Late Tuesday night, August 2, 2016, my dad’s Alzheimer’s Journey came to an end.
What do you say about losing a parent so slowly, and then at the actual passing?
So many things about his physical departure from our life was perfect:
- His whole family was with him. My sister was in town all week from Pennsylvania. My brother & I were there and of course my mom and his wife of 53 years.
- We had a wonderful day on Monday with “The Original Reed 5” as I posted that day… my dad was trying to talk and communicate more than he has in months and it felt like he was really with us. It was a good day of connection and preparing…
Little did I know that we were preparing for Tuesday…
My sister called in the morning and said, “We think it’s happening…” I was surprised… while my dad had lost 6 lbs in just one week and was getting very unstable, from what I’d seen of others in the care home, it didn’t seem to me like it would be so fast.
My dad passed away peacefully at about 11:30 pm. We are all relieved that his journey has ended and that he was at home.
Those are the “facts” of his passing… but what of the man? The husband, the father of 3, the grandfather of 5, father-in-law of 3… the teacher, the friend…
My dad lived an amazing life and touched the lives of so many. The beginning and end were bumpy: he lost his brother, mother and father by age 14 but was thankfully brought into the fold of his aunt and uncle’s family. Dementia and Alzheimer’s took him slowly, piece by piece, in the end.
He worked his way through college and graduate school bagging groceries. (He could tell you to the day how long that job lasted!) He first taught high school and then Astronomy at West Chester University for over 30 years.
He and my mom were best friends and amazing role models of what a marriage could be. They set the bar high…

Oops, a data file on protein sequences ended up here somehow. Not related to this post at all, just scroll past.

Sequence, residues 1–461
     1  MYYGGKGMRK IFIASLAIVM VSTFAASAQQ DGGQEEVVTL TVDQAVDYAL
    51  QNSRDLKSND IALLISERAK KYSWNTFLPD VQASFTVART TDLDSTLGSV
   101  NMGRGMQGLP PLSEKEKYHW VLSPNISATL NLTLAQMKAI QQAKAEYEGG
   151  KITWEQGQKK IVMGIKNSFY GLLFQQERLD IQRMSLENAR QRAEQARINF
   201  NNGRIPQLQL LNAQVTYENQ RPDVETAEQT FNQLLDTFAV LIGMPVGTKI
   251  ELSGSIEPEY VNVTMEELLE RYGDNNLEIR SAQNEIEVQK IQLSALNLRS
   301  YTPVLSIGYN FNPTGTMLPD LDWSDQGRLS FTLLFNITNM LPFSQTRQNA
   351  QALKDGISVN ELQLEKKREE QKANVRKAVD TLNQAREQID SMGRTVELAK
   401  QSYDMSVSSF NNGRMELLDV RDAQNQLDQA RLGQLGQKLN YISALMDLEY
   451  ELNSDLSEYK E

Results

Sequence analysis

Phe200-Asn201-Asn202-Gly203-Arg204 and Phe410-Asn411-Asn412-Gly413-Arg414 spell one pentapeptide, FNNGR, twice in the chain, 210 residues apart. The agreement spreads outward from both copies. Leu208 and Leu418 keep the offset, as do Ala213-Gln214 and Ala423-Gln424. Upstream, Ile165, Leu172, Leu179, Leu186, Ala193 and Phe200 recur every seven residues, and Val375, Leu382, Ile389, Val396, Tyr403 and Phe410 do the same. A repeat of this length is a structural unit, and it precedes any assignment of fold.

Our family went on many adventures around the world – mostly in search of astronomy and astronomers – as my dad always said, “Everything goes back to Astronomy”. While we often rolled our eyes, I’m beginning to believe he was right and expect he will continue to prove his point in subtle ways.
He taught us the value of always doing our best and not being afraid to try and fail. To seize the day and not put off adventures. He and my mom loved to explore the world and are the most well-travelled people I know.
He is the reason I’m an artist. I remember sitting in his office watching him draw cartoons and aspiring to learn how too.
He often said he had considered being an artist but since he had heard of “starving artists” but never a “starving physicist” – he majored in physics but always had art in his life.
There are planetariums around the globe that have his cartoon constellations in them. He illustrated a weekly column in the Daily Local News for 18 1/2 years – 956 articles in all. (Guess I get my writing bug from him as well!)
At birthday parties, he would ask us what we wanted to be and draw a cartoon for each friend.
When we were in middle school he would draw cartoons on our lunch bags – mine would be passed around the table for everyone to see so I was always the last to start eating. I wish I had saved some of those bags…
My dad was an amazing, loving and supportive father. A devoted husband and a beloved grandfather.
We had a Celebration of Life in his honor and we were so thankful for all who came to shower us with love and strength and help us remember this amazing man.
My dad never understood how people could get so upset when someone who had lived a full, long life passed away. He lost both of his parents by the time he was 14 so his perspective was very different than many. So we celebrated him with as few tears as possible to honor his way of looking at the end of life.
I know that my dad is now at peace, looking down on us from the stars instead of studying them from the earth. He will be deeply missed but never forgotten.
I love you dad.
– Tara Reed
P.S. Don’t forget our deal dad: you will line the pens up perfectly in my studio so I know you are still with me. (He was METICULOUS with his workspace and one of “our things” was for me to turn a pen or pencil at an angle, to be found later and followed by a faux-annoyed “TA-RAAAA…” and a laugh.)